Friday, 9 January 2015

Railways in wargames: Some simple rules

As my wargame railway project seems to be moving towards a conclusion, I decided that it was about time that I did some thinking about some simple railway-related rules. In actual fact I wrote some years ago, and they are included in my HEROES OF VICTORIA'S EMPIRE (HoVE) rules.

Locomotive towing capacity
Different types of locomotive have different towing capacities. This depends upon the number of driving and non-driving wheels a locomotive has.
  • An unarmoured locomotive can tow a piece of 4-wheeled rolling stock for every pair of driving wheels.
  • An armoured locomotive can tow a piece of 4-wheeled rolling stock for every three driving wheels.
  • Unarmoured locomotives may only tow unarmoured rolling stock and armoured locomotives may only tow armoured rolling stock.
Examples of locomotive towing capacity
  • An unarmoured 0-4-0 locomotive can tow two pieces of 4-wheeled unarmoured rolling stock (4 divided by 2 = 2).
  • An unarmoured 0-6-0 locomotive can tow three pieces of 4-wheeled unarmoured rolling stock (6 divided by 2 = 3).
  • An armoured 0-4-0 locomotive can tow one piece of 4-wheeled armoured rolling stock (4 divided by 3 = 1).
  • An armoured 0-6-0 locomotive can tow two pieces of 4-wheeled armoured rolling stock (6 divided by 3 = 2).
When an unarmoured train is activated it can:
  • Move
  • Load or unload
When an armoured train is activated it can:
  • Move
  • Fire
  • Move and then fire or fire and then move
  • Load or unload
Loading and unloading trains
It takes a complete turn to load or unload a stationary train. Any unit or units being loaded onto a train must be next to the train at the time of loading. Any unit or units being unloaded from a train must be placed next to the train at the time of unloading and may not move until they are activated.

Only the weapons carried by an armoured gun wagon may fire.
Each of an armoured gun wagon’s weapons is deemed to be crewed by 2 gunners.

These seem to be a good starting point for any new rules that I might write, although my gut feeling that I could use them pretty well 'as is' now.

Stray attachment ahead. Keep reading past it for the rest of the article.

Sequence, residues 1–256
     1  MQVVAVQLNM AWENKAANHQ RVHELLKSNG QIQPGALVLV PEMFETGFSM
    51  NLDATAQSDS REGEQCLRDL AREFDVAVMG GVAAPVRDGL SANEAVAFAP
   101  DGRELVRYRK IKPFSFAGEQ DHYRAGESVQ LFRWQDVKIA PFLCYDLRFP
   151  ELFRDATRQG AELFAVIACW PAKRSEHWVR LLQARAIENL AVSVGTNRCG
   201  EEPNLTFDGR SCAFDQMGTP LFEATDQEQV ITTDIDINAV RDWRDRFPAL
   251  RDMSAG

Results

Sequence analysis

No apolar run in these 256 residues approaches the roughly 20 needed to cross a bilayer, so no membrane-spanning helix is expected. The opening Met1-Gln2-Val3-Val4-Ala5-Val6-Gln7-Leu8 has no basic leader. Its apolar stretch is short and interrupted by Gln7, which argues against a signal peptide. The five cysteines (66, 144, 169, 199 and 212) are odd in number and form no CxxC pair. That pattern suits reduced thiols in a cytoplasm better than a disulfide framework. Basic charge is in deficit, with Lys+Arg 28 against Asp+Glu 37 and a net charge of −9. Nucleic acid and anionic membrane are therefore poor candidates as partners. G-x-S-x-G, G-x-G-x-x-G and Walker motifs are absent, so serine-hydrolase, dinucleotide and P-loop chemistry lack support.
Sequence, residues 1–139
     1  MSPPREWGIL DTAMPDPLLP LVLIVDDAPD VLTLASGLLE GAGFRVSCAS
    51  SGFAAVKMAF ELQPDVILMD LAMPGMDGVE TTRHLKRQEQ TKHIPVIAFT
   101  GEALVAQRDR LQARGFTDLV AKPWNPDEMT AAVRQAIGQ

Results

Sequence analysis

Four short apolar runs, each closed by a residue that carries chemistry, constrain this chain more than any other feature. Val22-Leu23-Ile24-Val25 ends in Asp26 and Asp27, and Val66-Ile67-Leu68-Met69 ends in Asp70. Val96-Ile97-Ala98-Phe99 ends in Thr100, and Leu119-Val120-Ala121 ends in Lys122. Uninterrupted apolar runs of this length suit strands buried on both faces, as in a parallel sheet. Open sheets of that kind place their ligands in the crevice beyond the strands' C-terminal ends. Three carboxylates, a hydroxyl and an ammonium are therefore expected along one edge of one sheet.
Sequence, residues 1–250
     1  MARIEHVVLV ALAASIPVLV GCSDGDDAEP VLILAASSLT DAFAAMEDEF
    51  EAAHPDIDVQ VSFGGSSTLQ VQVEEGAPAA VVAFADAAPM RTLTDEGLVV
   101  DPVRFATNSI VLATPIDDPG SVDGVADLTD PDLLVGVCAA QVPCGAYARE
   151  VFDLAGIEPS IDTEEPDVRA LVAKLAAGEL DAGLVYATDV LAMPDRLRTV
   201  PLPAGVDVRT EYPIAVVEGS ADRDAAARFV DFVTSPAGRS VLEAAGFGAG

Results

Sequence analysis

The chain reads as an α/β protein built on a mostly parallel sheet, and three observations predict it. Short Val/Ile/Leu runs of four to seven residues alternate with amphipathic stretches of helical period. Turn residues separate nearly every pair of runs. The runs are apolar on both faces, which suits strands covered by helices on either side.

1. Indeed, simple, to the point and effective. What is their movement rate?

  2. Simple and straightforward. What could be better?

  3. Ross Mac,

    As you know, smple is always the best course as far as wargame rules are concerned.

    Unarmoured trains moved 4D6cm and armoured trains moved 3D6cm.

    All the best,


  4. Conrad Kinch,

    That sums up my approach exactly!

    All the best,


  5. Bob,
    Based on exhaustive rearch into military railways - watching Kenneth More in North West Frontier, Buster Keaton in The General, Thomas the Tank Engine (I actually had the pleasure of meeting the Rev. Awdry when I was about 12) and numerous Westerns in which outlaws attack trains - I presume to offer the following observations:

    Your proposed movement rates seem far too random, ranging from 3cm to 18cm for an armoured train - so that a train might increase its speed by a factor of 6 between consecutive turns.

    I suggest that the speed of a steam locomotive along a track is mainly is mainly determined by:

    a) the locomotive's size/power
    b) the length/mass of the train it is pulling
    c) the quality of the track, to include the construction, gradient and whether the train is on a curve or straight
    d) the throttle setting (intended speed) and the time spent accelerating from stationary or braking from speed

    and that the overall effect of the combination of these factors is pretty predictable - thus the bandits know to attack a moving train when it is on a bend and/or ascending a gradient because it will be going much slower than on straight, level track.

    I would suggest two 'norms' for normal speed and high speed for each type of locomotive, with reductions for pulling each additional piece of rolling stock, ascending a gradient and going round bends. These could be modified by the difference between 2d6, thereby creating a bell-curve range of speeds/distances moved.

    I would also suggest limiting the change in speed per turn when accelerating or braking, so that - subject to the time represented by each turn - it would take a train more than one turn to reach normal speed from stationary, or to come to a halt from speed - rather like the way cavalry in some rules cannot go from halt to charge in one turn, but must trot and then canter first.

    I appreciate this may be a degree of complexity you may prefer to avoid...

    Best wishes,
    Arthur the Small Controller

  6. Arthur1815,

    I only added to movement rates from HoVE because Ross Mac requested that information; I would certainly not use them now for the reasons that you outline so well. They were far too random ... but all the movement rates in HoVE were, so it made sense at the time.

    What you suggest as an alternative makes sense, but currently I want to just have a standard movement rate for trains, and that movement will be expressed in grid areas. It would make sense to have a 'full speed' and a 'stopping and starting speed' for trains ... and I will certainly be looking at that when I write the rules.

    All the best,


    PS. I cannot get out of my mind the image of you dressed in Morning Dress and Top Hat as the 'Small Controller'. It has kept me amused all afternoon!

  7. Youth rules seem to put what I have learned from Thomas The Tank Engine in the bin. Of course my children are watching the program, and while I enjoy it, I find myself always questioning the physics of the newer shows and movies. ;) I do appreciate the tactical reasons to attack on a curve or steep grade.

  8. Marc Pavone,

    Thomas the Tank Engine was always one of my favourite TV programmes ... and so realistic too!

    All the best,